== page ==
Investing $10 a week in a 529 account over 18 years could yield just over $15,000 for college, assuming a 5 percent annual return and no withdrawals, according to the campaign’s calculation. (The calculation doesn’t take fees into account.)
The average debt of graduates of four-year colleges was about $29,000 in 2017, according to the Institute for College Access and Success.
The cost of a college education was back in the news this week after a wealthy benefactor pledged to erase the collective student debt held by the Morehouse College graduating class of 2019. Some graduates will see tens of thousands of dollars in debt relief.
But since the likelihood that a generous billionaire will pay off your student loans at your graduation ceremony is extremely low, creating a savings plan is more realistic, said Patricia Roberts, chief operating officer of Gift of College.com. The company promotes contributions to 529 accounts through an online gift registry and via gift cards sold online and through stores. Ms. Roberts said she gave the cards at baby showers, instead of toys or clothes.
Here are some questions and answers about 529 savings plans:
How should I decide what 529 plan to choose?
It may make sense to consider your state’s plan because many states offer a deduction on your state income tax return. (There is no federal tax deduction for contributions.) But you aren’t restricted to your own state’s offerings. Savingforcollege.com and the College Savings Plans Network offer tools to compare plans, and Morningstar offers ratings of plans each year.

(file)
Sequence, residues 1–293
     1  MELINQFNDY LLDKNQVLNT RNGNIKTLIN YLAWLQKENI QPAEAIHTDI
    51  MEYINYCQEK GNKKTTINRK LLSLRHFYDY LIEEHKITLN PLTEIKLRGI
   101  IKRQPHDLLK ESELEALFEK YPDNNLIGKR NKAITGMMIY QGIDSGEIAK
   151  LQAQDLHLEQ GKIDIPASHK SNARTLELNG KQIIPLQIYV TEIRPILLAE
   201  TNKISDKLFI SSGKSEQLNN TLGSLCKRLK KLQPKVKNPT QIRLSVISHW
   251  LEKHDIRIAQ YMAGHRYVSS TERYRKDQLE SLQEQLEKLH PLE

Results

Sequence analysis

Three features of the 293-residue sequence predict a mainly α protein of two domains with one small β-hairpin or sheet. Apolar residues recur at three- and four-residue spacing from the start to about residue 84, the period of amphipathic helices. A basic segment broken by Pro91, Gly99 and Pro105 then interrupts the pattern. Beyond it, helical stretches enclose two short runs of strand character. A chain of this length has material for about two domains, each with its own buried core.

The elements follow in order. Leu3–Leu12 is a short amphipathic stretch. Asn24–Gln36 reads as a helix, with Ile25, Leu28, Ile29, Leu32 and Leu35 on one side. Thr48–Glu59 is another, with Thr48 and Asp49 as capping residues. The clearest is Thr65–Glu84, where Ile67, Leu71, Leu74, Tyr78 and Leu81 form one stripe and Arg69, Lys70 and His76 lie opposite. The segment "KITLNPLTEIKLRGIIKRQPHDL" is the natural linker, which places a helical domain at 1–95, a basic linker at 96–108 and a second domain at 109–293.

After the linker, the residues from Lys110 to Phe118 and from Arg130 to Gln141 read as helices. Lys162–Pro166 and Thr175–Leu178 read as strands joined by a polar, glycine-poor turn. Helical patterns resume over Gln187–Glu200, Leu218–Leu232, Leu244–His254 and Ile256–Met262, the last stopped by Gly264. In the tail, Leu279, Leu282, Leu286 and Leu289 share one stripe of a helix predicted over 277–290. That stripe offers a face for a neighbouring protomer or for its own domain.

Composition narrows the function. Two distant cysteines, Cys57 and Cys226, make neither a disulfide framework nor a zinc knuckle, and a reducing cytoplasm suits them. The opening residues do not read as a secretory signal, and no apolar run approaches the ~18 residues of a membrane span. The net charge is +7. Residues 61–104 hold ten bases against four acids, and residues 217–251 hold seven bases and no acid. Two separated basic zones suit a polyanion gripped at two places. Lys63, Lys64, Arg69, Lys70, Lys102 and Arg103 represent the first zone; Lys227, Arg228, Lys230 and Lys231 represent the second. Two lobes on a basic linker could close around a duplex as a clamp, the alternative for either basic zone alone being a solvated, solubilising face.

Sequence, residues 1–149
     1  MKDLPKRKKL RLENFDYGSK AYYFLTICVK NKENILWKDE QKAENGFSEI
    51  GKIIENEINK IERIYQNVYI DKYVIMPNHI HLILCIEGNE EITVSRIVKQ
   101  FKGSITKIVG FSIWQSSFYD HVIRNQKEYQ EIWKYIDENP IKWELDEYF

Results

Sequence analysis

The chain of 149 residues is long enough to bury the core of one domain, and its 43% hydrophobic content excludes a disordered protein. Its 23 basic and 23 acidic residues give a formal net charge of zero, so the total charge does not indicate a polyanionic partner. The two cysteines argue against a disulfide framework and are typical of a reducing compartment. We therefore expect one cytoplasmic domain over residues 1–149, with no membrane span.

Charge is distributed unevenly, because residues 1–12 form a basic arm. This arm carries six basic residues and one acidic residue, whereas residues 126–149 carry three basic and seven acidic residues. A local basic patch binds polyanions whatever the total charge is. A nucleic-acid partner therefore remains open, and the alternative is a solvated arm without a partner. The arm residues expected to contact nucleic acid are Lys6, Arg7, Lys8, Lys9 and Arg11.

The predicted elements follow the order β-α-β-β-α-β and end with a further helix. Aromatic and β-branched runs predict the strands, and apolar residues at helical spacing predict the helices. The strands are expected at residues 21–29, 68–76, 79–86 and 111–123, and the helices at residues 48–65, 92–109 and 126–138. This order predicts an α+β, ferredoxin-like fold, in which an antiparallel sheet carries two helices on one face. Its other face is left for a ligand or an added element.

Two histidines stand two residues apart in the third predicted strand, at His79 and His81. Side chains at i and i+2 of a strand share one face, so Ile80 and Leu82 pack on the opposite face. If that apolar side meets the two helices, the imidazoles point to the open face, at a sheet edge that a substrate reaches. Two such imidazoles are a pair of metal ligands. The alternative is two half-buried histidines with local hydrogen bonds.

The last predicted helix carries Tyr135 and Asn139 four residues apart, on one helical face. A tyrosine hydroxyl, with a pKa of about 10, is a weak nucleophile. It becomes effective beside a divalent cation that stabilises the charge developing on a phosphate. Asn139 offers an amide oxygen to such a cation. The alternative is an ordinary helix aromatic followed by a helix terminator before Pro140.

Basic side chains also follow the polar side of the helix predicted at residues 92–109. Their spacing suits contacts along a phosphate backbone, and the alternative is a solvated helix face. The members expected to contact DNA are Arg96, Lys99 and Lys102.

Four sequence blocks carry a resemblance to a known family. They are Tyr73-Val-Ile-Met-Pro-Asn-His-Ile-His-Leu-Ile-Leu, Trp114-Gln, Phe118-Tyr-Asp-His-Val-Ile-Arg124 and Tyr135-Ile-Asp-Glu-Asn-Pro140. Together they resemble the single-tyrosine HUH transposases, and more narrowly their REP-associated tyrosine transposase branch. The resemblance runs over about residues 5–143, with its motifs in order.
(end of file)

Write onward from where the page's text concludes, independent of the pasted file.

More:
Meanwhile, mobile start-ups are targeting users who are overwhelmed by the number of options available by simplifying enrollment and narrowing the choice of plan and investments. CollegeBacker advises users online about 529 investments, but currently enables enrollment in just one plan, Utah’s direct-sold 529 plan; users choose the fee they wish to pay. U-Nest, currently in a testing period, enables enrollment in Rhode Island’s CollegeBound Saver plan and charges a flat monthly fee of $3.
Can I donate money to the 529 account of a relative or friend?
Yes. Making a gift was once cumbersome because donors had to request the recipient’s account number to transfer money. But there are now more options, in addition to gift cards, to make it easier for relatives and friends to make gifts to a 529. Ugift, a program offered by 529 plans that are administered by Ascensus College Savings in 20 states plus the District of Columbia, lets parents share a unique code with friends and family that can be used for an electronic donation. And CollegeBacker lets savers share a special link that lets relatives and friends donate online.
Where can I find information about current 529 plan promotions?
For information on the incentives that plans in various states are offering this month, try checking a map at Savingforcollege.com.